How Does Anamorphic Home Cinema Work?

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Over 80% of the most popular movies since 1972 are made in the 2.4:1 cinema aspect ratio – much wider than 4K/UHDTV 

Is your home theater all about the movie experience? The fact is that over 80% of the most popular movies are made in the UltraWide 2.4:1 aspect ratio for commercial theaters. This is much wider than the 16:9 TV or slightly wider 17:9 aspect ratio of today’s high end home theater projectors, so the most popular models also include anamorphic upconversion modes for use with an external anamorphic lens to convert their full performance into the 2.4:1 cinema movie format for the highest brightness and detail – all while still providing modes for watching 16:9 content. The anamorphic advantage means these projectors can actually deliver better movie performance than you can get in most commercial theaters. 

How does anamorphic projection increase the brightness and detail of movies?

THE ORIGINAL MOVIE SURROUNDED BY UNUSED BLACK DISPLAY PIXELS. Consumer UltraWide 4K movies are delivered using 3840 horizontal x 1600 vertical pixels to maintain their original 2.4:1 aspect ratio (ie 3840/1600=2.4). When displayed in the center of the 4096 x 2160 pixels of a 4K/4096 projector there are 2,701,200 unused black display pixels surrounding the movie.


THE UPCONVERTED MOVIE USING THE REPURPOSED BLACK PIXELS. Anamorphic 4K/4096 upconversion, now an included option in all new 2019 JVC and Sony 4K/4096 home theater projector models, applies digital scaling and possibly other image processing algorithms to convert the movie to a higher resolution of 4096 x 2133 so that previously unused display pixels are repurposed for a total increase of 43%. While no real, additional source resolution is implied, upconversion from real movie content has been proven to not only provide the additional image brightness from those millions of additional pixels but also additional realistic detail and subsequent improved clarity to the projected images. However, this process also leaves the movie appearing vertically stretched by 25%.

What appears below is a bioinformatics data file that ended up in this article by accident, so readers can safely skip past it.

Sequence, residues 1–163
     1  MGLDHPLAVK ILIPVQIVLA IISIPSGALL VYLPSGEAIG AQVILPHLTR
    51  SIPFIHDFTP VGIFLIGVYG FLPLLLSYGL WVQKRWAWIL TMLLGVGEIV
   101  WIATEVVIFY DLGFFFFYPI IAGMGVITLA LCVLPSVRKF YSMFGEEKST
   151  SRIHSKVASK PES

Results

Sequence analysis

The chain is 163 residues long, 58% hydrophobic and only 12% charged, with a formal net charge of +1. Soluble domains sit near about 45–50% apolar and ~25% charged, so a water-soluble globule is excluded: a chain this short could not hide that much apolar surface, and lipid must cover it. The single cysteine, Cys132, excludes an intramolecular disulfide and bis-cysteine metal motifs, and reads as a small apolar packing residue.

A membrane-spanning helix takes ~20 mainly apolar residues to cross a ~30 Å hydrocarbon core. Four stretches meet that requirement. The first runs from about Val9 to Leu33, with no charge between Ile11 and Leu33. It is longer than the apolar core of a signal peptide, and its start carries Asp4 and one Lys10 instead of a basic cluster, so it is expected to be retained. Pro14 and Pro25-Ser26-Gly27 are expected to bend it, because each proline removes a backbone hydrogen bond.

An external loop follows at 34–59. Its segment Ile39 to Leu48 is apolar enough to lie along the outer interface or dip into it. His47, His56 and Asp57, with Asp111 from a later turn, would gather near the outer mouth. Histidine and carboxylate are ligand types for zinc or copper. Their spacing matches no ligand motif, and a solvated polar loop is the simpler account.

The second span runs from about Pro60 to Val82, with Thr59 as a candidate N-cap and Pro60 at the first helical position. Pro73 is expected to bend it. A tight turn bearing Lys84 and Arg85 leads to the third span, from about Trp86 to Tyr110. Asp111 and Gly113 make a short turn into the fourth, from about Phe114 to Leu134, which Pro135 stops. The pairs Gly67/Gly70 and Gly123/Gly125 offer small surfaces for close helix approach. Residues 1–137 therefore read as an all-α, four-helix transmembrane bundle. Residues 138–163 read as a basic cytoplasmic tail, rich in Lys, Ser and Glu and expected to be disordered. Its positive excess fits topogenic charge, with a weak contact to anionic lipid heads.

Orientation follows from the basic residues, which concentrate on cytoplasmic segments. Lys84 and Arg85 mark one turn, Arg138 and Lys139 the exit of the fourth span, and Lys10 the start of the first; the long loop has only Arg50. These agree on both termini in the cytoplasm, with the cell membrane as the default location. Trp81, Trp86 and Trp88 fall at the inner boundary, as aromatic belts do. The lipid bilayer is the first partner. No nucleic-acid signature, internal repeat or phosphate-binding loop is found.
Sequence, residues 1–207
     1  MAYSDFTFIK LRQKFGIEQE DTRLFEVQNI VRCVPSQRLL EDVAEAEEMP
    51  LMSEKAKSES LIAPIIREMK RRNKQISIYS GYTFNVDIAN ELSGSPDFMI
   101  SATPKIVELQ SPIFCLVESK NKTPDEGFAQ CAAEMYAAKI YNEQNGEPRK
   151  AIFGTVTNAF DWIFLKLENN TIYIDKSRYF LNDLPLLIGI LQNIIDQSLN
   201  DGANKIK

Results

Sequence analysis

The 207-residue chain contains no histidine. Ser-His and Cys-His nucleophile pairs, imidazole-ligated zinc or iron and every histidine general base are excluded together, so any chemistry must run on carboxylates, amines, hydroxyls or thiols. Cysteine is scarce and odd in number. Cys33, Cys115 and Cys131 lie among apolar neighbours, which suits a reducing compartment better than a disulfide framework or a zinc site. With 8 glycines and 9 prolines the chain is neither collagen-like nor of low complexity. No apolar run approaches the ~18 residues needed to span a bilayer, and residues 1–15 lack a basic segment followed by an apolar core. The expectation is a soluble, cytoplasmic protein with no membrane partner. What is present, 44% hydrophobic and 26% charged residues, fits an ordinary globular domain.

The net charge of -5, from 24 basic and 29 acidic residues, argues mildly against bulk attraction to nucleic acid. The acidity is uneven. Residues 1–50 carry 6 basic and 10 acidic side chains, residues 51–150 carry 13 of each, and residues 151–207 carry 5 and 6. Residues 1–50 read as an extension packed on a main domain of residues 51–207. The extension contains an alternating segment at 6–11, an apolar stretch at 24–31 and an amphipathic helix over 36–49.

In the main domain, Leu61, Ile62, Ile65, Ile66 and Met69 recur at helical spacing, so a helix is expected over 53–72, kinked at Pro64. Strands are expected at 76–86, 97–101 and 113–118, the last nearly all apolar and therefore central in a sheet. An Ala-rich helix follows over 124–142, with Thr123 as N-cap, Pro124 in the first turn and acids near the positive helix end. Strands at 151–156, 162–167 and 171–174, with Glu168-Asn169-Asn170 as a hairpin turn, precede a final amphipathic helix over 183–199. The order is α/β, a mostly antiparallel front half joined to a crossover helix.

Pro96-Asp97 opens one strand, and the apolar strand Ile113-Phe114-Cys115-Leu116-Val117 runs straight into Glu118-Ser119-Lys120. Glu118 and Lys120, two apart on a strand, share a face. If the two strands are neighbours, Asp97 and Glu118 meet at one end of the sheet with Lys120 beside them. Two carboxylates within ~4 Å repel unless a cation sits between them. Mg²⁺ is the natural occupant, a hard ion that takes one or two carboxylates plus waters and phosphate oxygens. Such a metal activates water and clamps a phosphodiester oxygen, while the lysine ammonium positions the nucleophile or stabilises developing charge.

THE UPCONVERTED MOVIE ON A 2.4:1 SCREEN THROUGH A PALADIN DCR LENS. The upconverted movie is optically compressed through an external Paladin DCR anamorphic lens to remove the 25% vertical stretch. This restores the original 2.4:1 movie aspect ratio while retaining the significant performance enhancement from the upconverted pixels for greater visual clarity combined with a net brightness increase of approximately 38% over projection of the original movie.


How can you watch 16:9 TV in your anamorphic 2.4:1 4K cinema?

While 80% of the most popular movies are made for your 2.4:1 cinema, new 2019 4K projectors from Sony and JVC also give you many options for watching 16:9 TV programming such as sports without moving the anamorphic lens. All instantaneous. All at the push of a button.

16:9 Classic. Complete content is displayed in its original format with full vertical resolution but reformatted using 3072 horizontal resolution. Sony 4K: “Squeeze”. JVC 4K: “Anamorphic D”. (note 1,2)

16:9 Wide (Stretched). 
Complete content is displayed with full 3840 x 2160 original resolution but with a 25% horizontal stretched appearance to better fill the screen, leaving about 3% of the screen width black on the left and right. Sony 4K: “Normal”. JVC 4K: “Off”. (note 1)

16:9 Full (Stretched). The content fills the entire screen by stretching to 4096 horizontal resolution and cropping about 3% from both top and bottom, resulting in a 25% stretched appearance. Sony 4K: “2.35:1 Zoom”. JVC 4K: “Zoom”.

16:9 Full (Cropped).  The image fills the entire screen with full 4096 resolution with no stretched appearance by cropping 10% from both top and bottom. Sony 4K: “V-Stretch:. JVC 4K: “Anamorphic C”.

Note 1. When 2.4:1 movies are perfectly framed by your screen then 13 out of 2160 pixel rows of 4K 16:9 content will project onto both the top and bottom screen border. This may impact the visibility of very small characters if they are placed close to the edge such as with sports broadcasts.

Note 2. JVC 4K projectors for 2019 will initially not have an Anamorphic D mode so Anamorphic C should be used – resulting in a roughly 6% narrowing of 16:9 content in the 16:9 Classic mode.


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